Peak Potential Profits members won’t find this post special because they’ve already been exposed to the strategies and tools to make this happen. But if you’re not an insider, I’d like to share one of the most effective ways to increase sales in a follow-up sequence — the Automated Expiring Offer.
In his book, “Influence: The Psychology of Persuasion,” one of the weapons of influence Robert Cialdini shares is “scarcity.” Tony Robbins also shares the concept of pain vs pleasure and how we’re more wired to avoid pain than gain pleasure. So when we risk “losing” out on something, we act.
Putting an offer out there for your prospect to accept at their own leisure will always lead to lackluster results. And you probably already understand this if you’ve studied any form of direct response marketing. Slap an expiration date in your sales page, video sales letter, or webinar and you’re almost guaranteed to see an increase — simple as that.
When it comes to automating expirations, that’s where things get a little complicated. One-off mailings, live events, and broadcasts make this easy because they are executed at a single point in time. If you’re drafting up the letter to mail on June 1, you can throw a deadline of June 14th or 21st in there and you’re done.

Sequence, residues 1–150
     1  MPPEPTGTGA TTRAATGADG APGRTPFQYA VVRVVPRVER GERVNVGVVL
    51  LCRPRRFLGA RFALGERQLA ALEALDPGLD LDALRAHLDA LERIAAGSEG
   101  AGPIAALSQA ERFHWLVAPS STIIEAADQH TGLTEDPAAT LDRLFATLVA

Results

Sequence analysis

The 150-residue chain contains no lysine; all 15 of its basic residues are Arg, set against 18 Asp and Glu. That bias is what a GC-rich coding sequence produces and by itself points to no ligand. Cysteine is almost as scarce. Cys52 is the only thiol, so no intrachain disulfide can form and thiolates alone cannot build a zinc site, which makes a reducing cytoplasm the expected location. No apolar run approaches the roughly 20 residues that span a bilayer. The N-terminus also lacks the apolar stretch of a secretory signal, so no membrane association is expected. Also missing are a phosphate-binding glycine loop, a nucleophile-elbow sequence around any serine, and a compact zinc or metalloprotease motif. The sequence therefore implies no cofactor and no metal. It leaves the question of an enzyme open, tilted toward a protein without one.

But what if you’ve got a [contentblock id=17] with multiple steps and you want to make an expiring offer, say, 2 weeks after they join your list? I suppose you can throw vague language like “this offer expires soon” or “this offer expires tomorrow” but as Joe Sugarman talks about in his book, “Triggers,” specificity trumps generalities.
That’s where my Date Calculations plugin comes in (just one of 25+ plugins Peak Potential Profits members get). Using [contentblock id=6], it lets you determine any future date you want by adding number of days, weeks, months, years to the current date or an already stored date in a contact record. You can even calculate the time between various events like when they joined and made first purchase or when two separate tags were applied and use the result to determine next expiration date (uber advanced strategy). Can you say “personalized expirations based on previous behavior?”
But for this example, say I wanted step 5 of my follow-up sequence to launch a promotion that should expire in 7 days. All I’d do is go to the plugin, enter “7 days,” tell it which custom field to store this date in, and in what format (2013-5-15 vs May 5, 2013), and voila, I’m done!
In the example above, I’m storing the date as YYYY-MM-DD because that’s how [contentblock id=6] date-formatted fields accept dates. Why do you want to use a custom date field to store the date as opposed to a regular text field? Because using Campaign Builder, we can actually countdown to that date. In other words, instead of having regular timers in our campaign that wait  days or  days like a typical autoresponder, we can actually store a date (that we determine via the plugin) and then have [contentblock id=6] intelligently count down to THAT date.
Do you see how powerful that is?